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The tailed frog is native to mountain lake ecosystems in North Cascades National Park Complex. Thanks to restoration efforts over the past four years, North Cascades National Park Complex has begun to see these species, and others, return to these unique ecosystems. NPS photo.

Modification to Mountain Lakes Fishery Management Plan - Piscicide Change from Antimycin to Rotenone (2013)

North Cascades National Park Service Complex » Modification to Mountain Lakes Fishery Management Plan - Piscicide Change from Antimycin to Rotenone (2013) » Document List

Over the past four years North Cascades National Park Complex has been working hard to restore several mountain lakes within the park, in accordance with our Mountain Lakes Fisheries Management Plan (MLFMP), by removing non-native, self-sustaining populations of fish from several lakes. Spawning habitat exclusion has been tested in one lake, intensive gill netting is currently being used to remove fish from six lakes, and antimycin has been used in two lakes. Monitoring results following these efforts indicate native species such as the tailed frog and long-toed salamander are rapidly returning to these naturally fishless ecosystems as the non-native populations of fish are removed from these naturally fishless lakes.

Now, in accordance with the MLFMP, North Cascades National Park Complex is preparing to continue our lake restoration efforts this fall by removing a reproducing population of non-native Eastern Brook Trout from Sourdough Lake. The goals of this high-priority effort are to restore the native ecology of Sourdough Lake and to protect the genetic integrity of Bull Trout, a federally threatened fish species which is native to lower elevation creeks and rivers. Brook trout dispersing downstream from Sourdough Lake have the potential to harm Bull Trout in Ross Lake and the broader Skagit River watershed.

As outlined in the MLFMP, successful restoration of Sourdough Lake requires treatment with a piscicide due to the size and depth of the lake. Although antimycin, specifically Fintrol™ a liquid form of the piscicide, was initially identified as the preferred piscicide in the MLFMP and was successfully used to treat Blum Lakes in 2010, this chemical is no longer commercially available and current stocks have been depleted. As a result, North Cascades National Park Complex is proposing to use a recently developed liquid formulation of rotenone known as CFT Legumine™ as the preferred piscicide for fish removal in lakes identified for chemical treatments in the MLFMP, including Sourdough Lake.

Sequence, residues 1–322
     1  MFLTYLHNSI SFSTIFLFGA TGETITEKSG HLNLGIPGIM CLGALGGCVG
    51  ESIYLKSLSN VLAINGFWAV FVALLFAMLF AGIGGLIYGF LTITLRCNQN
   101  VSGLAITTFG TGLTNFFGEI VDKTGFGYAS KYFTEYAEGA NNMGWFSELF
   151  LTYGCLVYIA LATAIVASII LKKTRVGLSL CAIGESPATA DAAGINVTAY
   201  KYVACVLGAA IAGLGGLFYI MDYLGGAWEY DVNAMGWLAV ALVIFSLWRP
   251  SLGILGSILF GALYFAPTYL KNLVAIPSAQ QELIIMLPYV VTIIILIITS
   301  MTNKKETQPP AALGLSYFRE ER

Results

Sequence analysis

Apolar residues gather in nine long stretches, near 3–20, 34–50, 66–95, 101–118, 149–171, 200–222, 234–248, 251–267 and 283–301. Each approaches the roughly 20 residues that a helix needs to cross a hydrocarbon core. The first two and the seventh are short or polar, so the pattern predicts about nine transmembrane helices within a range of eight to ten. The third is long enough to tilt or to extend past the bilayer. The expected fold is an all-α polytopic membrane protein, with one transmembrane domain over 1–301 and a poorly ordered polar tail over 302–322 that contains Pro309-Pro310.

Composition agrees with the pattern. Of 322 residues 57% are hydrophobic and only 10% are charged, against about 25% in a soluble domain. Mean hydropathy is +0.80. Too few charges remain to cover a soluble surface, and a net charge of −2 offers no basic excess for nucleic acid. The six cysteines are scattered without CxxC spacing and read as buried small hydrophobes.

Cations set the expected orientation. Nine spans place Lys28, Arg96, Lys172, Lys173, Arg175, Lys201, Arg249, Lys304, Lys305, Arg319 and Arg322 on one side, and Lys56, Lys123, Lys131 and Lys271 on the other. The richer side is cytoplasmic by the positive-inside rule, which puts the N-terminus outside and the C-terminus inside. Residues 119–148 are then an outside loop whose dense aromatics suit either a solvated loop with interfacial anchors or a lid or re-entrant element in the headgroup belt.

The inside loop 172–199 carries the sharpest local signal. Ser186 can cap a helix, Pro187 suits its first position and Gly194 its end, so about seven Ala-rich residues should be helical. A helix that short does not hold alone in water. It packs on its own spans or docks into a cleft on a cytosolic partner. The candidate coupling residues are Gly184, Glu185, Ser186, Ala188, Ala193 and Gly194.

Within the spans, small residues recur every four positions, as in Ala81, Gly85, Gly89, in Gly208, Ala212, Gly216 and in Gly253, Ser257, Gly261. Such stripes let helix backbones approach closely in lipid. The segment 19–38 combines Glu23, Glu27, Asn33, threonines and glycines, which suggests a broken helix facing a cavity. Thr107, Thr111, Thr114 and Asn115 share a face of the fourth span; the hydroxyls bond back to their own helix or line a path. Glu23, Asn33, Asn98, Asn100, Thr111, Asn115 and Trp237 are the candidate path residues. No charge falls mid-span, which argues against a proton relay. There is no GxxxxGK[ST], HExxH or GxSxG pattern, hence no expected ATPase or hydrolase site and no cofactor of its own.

The MLFMP envisioned using rotenone to restore mountain lakes; however, the plan noted that if rotenone was to be used for fish removal actions in the future, additional analysis would be completed and opportunities for public comment would be made available. The EPA has concluded that the use of rotenone for fish control does not present a risk to humans or the environment when used according to the label instructions, and based on an assessment of the environmental and human health risks of using rotenone to implement the MLFMP, the NPS has determined that using CFT Legumine™ to remove non-native fish will not have higher adverse environmental impacts than using Fintrol™ because this newer formulation of rotenone is not as toxic to non-target organisms and humans as older formulations of the piscicide. The NPS also believes that rotenone could be more effective than antimycin in treating particularly deep mountain lakes, such as Sourdough, as rotenone, unlike antimycin, is able to penetrate more dense layers in a lake's thermal stratification.

In order to engage your review of this proposal, we are soliciting public comments during a 30-day public review period that extends through June 14, 2013. During this time, we encourage you to learn more about our lake restoration program by checking out the documents linked to this project website and to provide feedback on this proposal by submitting comments on the whitepaper that is currently open for public review. Comments may also be submitted via regular mail to North Cascades National Park Complex, 810 State Route 20, Sedro-Woolley, Washington, 98284.

We look forward to hearing your input and appreciate the opportunity to share with you some information about the restoration of mountain lakes within the North Cascades.

Contact Information
Ashley Rawhouser, Aquatic Ecologist, 360-854-7317.